Internet Privacy is Still A Problem

I’ve been nagging you and nagging you some more about the Internet and how it isn’t the safest place in the universe if you value your privacy. Many of you insist on putting private thoughts and experiences on MySpace and Facebook and then are horrified when there is some negative blowback in your lives, like from a boss or friend or family member reading some stuff you wish they hadn’t.

Well, it gets worse.  Dozens of websites have been secretly harvesting lists of places their users previously visited online.  That includes everything from news articles to bank sites to pornography.

The information, according to the Associated Press, is valuable for con artists to learn more about their targets and send them personalized attacks.  It also allows e-commerce companies to adjust ads or prices, for instance, if the site knows you’ve just come from a competitor who is offering a lower price.

This technique is called “history sniffing,” and is a result of the way browsers interact with websites and record where they’ve been.  It only takes a few lines of programming code to pull it off.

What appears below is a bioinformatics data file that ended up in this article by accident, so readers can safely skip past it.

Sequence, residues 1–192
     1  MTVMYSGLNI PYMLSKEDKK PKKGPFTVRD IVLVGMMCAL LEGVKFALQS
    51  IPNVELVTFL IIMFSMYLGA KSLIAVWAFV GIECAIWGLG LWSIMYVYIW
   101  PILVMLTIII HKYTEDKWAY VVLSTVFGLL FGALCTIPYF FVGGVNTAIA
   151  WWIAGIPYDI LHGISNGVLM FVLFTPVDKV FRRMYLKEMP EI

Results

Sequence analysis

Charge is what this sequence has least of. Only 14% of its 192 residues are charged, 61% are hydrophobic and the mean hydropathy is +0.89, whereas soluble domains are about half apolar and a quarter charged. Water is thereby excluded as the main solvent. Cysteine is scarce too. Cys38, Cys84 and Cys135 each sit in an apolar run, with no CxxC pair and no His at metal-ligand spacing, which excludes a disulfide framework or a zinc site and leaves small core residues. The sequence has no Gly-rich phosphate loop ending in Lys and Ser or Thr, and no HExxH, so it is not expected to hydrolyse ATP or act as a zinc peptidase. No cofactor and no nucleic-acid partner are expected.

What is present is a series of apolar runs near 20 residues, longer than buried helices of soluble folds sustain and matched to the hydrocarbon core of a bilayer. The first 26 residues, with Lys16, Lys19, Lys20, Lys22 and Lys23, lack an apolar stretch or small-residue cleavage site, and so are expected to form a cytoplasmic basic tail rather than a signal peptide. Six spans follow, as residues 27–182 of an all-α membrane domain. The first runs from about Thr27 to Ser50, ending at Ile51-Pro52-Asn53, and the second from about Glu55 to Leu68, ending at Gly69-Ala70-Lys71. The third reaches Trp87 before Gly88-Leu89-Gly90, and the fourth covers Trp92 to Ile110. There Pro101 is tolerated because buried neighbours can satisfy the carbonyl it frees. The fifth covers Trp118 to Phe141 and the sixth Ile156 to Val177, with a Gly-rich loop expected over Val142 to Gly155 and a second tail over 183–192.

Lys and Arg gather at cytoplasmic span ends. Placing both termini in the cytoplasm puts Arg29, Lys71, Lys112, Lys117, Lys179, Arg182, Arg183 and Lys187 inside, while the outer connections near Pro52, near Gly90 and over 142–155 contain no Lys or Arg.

Current versions of Firefox and Internet Explorer browsers still allow this, as do older versions of Chrome and Safari. 

Researchers at the University of California, San Diego found 46 sites, ranging from smutty to staid, that tried to pry loose their visitors browsing histories using this technique.  Nearly half of the 46 sites, including financial research site Morningstar.com and news site Newsmax.com used an ad-targeting company Interclick which says its code was responsible for the tracking.

Again, according to the Associated Press, the source for this whole announcement, Morningstar, said it ended its relationship with Interclick when it found out about the program and Newsmax said it didn’t know history sniffing had been used on its users until the AP called.

Internet companies are obsessed with tracking users’ behavior so they can target their ads better.  The Federal Trade Commission is proposing rules that would limit an advertiser’s ability to track Internet users to show them advertisements.

History sniffing is essentially a side-by-side comparison of Web pages you’ve already visited with Web pages that a particular site wants to see if you’ve visited.  If there is a match, users would never know but the site administrators would learn a lot about you.

For instance, according to AP, a popular porn site was checking its visitors’ history to see if they’d visited 23 other pornography sites, and the code used on the Morningstar and Newsmax.com sites looked for matches against 48 specific Web pages, all related to Ford automobiles.

Sites can carry on this kind of inspection at the rate of 20,000 Internet addresses per second.

Remember all this when you next sign on to the Net.